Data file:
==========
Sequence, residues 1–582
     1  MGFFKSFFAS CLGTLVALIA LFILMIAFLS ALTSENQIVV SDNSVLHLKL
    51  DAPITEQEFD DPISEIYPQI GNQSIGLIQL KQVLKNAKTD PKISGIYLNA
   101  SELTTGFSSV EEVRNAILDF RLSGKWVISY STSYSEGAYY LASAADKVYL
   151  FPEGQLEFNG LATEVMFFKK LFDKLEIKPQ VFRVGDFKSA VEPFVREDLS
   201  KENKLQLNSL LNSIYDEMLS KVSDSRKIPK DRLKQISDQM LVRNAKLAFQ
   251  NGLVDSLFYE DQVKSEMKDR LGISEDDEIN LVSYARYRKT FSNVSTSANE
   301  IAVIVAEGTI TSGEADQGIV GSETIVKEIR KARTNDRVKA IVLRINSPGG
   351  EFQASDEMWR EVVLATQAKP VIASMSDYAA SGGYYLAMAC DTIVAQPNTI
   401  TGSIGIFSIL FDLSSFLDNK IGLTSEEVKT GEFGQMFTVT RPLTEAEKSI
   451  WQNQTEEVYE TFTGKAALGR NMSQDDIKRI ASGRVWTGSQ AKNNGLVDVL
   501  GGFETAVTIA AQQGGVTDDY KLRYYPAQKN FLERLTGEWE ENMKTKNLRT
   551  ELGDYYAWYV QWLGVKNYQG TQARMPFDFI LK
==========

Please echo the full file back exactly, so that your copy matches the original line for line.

Sequence, residues 1–582
     1  MGFFKSFFAS CLGTLVALIA LFILMIAFLS ALTSENQIVV SDNSVLHLKL
    51  DAPITEQEFD DPISEIYPQI GNQSIGLIQL KQVLKNAKTD PKISGIYLNA
   101  SELTTGFSSV EEVRNAILDF RLSGKWVISY STSYSEGAYY LASAADKVYL
   151  FPEGQLEFNG LATEVMFFKK LFDKLEIKPQ VFRVGDFKSA VEPFVREDLS
   201  KENKLQLNSL LNSIYDEMLS KVSDSRKIPK DRLKQISDQM LVRNAKLAFQ
   251  NGLVDSLFYE DQVKSEMKDR LGISEDDEIN LVSYARYRKT FSNVSTSANE
   301  IAVIVAEGTI TSGEADQGIV GSETIVKEIR KARTNDRVKA IVLRINSPGG
   351  EFQASDEMWR EVVLATQAKP VIASMSDYAA SGGYYLAMAC DTIVAQPNTI
   401  TGSIGIFSIL FDLSSFLDNK IGLTSEEVKT GEFGQMFTVT RPLTEAEKSI
   451  WQNQTEEVYE TFTGKAALGR NMSQDDIKRI ASGRVWTGSQ AKNNGLVDVL
   501  GGFETAVTIA AQQGGVTDDY KLRYYPAQKN FLERLTGEWE ENMKTKNLRT
   551  ELGDYYAWYV QWLGVKNYQG TQARMPFDFI LK